Ravaged by a January fire that killed one man and displaced 65 tenants and dozens of businesses, the 108-year-old building at the corner of 22nd and Mission Streets is now home to little more than graffiti, odors, and a rat infestation. Yet Mission Local, a former tenant of the building, reports that the building's landlord, who was heavily criticized in the wake of the tragedy, is in negotiations to sell his property as a tear-down for around $20 million.

The property is owned by Hawk Lou, though Lou says he shares his interest with several family members. That might mean his wife Kitty Fong, with whom he owns 19 properties with an assessed total value of $15.3 million according to public records that were the subject of a previous Mission Local report.

Although the Mission Economic Development Agency (MEDA) has already made an offer to purchase the site for 100% affordable housing and is now preparing another, a likely result could be market-rate housing, perhaps something along the lines of the next door Vida development.

Though MEDA says it contacted Lou in February to see if he was interested in making the site affordable housing, Lou somewhat suspiciously claims he was never contacted, calling the offer an unfounded rumor. After hearing of Lou's intentions to sell to a market-rate developer, MEDA has been preparing another offer which waits for the City to confirm it can help with financing. According to Karoleen Feng, MEDA's director of community real estate for MEDA, their offer would involve the city’s help from a “transit oriented affordable housing” fund and noted that it would also include a loan to be repaid over as many as 10 years.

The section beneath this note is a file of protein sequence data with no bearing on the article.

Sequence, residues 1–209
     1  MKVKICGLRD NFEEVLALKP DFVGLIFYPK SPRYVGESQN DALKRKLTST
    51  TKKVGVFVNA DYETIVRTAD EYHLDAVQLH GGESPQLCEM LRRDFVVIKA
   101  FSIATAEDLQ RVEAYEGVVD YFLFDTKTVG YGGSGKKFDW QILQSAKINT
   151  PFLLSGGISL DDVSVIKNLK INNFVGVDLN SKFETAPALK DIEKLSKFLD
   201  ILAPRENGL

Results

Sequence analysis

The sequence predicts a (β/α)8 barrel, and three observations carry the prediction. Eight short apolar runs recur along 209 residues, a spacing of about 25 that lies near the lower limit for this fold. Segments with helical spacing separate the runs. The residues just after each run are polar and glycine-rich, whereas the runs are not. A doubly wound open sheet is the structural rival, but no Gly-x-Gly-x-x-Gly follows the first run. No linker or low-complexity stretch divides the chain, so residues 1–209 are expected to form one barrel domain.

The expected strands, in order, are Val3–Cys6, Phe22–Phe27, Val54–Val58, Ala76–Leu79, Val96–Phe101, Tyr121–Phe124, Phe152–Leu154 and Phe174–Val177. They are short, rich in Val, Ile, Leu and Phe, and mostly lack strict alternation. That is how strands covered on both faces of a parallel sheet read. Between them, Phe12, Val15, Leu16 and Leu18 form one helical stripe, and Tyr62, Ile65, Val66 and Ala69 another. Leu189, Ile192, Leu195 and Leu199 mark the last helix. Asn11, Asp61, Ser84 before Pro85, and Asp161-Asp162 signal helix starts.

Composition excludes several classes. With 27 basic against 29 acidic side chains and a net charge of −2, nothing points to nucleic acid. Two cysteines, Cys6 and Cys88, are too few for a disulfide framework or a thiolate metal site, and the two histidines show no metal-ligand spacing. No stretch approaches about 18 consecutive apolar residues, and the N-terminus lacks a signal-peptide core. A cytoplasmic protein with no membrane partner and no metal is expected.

But Lou seems to have made up his mind. The landlord, who did not explicitly confirm his plans, did say he seeks a buyer who "knows what’s going on in the Mission.” With the essentially abandoned building becoming an increasing nuisance, "I think it is a little late for MEDA,” Lou wrote. He did register his approval for MEDA, an organization that, in his words, is "helping a lot of minorities in the Mission."

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A possible wrench in any plan to build market-rate housing in the Mission would be the Planning Commission's proposed enforcement of temporary controls on housing in the District. November's ballot measure for a temporary halt on market-rate housing could also postpone plans like those hinted at by Lou, incentivizing him and perhaps landlords like him to sell for affordable housing, which would remain unaffected.

Tenants shared a number of harrowing stories in the wake of the fire. Some weren't alerted by alarms, just smoke and incoming sirens. Seven tenants were rescued from hallways and fire escapes, some of which were inoperable. And currently 48 tenants are cooperating in a lawsuit against Lou that could perhaps be filed this week according to their lawyer.

According to tenancy laws, if Lou does sell, displaced former residents of his building are entitled to return to the new building to receive comparable units at their previous rent (rent control included).

“I am very, very sorry for this tragedy. This accident really ruined the life of many people,” Lou said.

Previously: More Details, Photos Emerge From Deadly Mission Fire